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Triggering Event Impacts and Impairment Testing in a Pandemic

by PJ Patel

These are the most relevant factors that would cause companies to ask whether goodwill may be impaired.

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As companies experience market capitalization declines, disrupted operations and supply chains, and market volatility, in many cases these market events will more than likely trigger the need to conduct interim impairment testing.

Finding solace in the fact pattern

Nobody can predict the future and projections of future cash flows have always involved judgment. With that in mind, comfort can be found in the facts – Did we meet Q1 revenue and earnings targets? How big was the cushion in our most recent impairment test? Has the short- or long-term outlook for the business changed?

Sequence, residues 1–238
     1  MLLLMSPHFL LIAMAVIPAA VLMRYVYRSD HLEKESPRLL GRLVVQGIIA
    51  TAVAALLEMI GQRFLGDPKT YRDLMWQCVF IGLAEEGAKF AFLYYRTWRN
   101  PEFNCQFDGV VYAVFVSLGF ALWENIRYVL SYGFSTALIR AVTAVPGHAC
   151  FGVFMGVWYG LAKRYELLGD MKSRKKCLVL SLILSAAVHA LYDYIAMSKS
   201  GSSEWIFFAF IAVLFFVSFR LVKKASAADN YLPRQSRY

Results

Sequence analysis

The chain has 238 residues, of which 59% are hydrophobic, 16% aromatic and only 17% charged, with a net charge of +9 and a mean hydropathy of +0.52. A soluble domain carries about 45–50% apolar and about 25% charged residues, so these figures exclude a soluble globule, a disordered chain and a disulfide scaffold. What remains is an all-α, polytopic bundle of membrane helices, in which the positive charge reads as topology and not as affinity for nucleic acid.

Modeling for goodwill impairment testing entails comparing the fair value of the reporting unit to its carrying amount. Impairment testing for assets such as IP, other intangible assets, long-lived assets, and inventory must be completed first, and any impairment reflected in a reporting unit’s carry amount before moving on to goodwill impairment testing. With many experts expecting a V or U shaped recovery, the focus of impairments is currently on goodwill.

ASC 350 requires annual goodwill impairment testing. It also calls for testing more frequently when events occur that suggest a greater than 50 percent chance that the reporting unit may be impaired. Following ASC 350 guidance, companies need to consider the circumstances affecting the inputs of a valuation model to determine if a triggering event is present, requiring an interim test.

Coronavirus Pandemic as a Triggering Event

Even in a “normal” economy, questions must be asked and answered to determine if a triggering event has occurred, and must be considered inclusive of ASC 350-20-35-3C. Below are what we consider to be the most relevant factors that would cause companies to ask whether goodwill may be impaired: